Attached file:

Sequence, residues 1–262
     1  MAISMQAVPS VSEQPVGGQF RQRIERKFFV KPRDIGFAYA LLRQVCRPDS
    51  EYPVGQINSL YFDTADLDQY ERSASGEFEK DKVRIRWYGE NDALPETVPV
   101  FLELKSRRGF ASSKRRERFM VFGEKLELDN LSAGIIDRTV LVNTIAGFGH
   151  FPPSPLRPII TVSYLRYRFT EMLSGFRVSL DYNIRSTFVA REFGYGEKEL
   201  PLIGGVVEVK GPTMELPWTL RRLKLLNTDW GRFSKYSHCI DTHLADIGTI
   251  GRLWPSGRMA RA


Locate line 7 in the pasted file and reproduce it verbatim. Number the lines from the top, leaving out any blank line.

   251  GRLWPSGRMA RA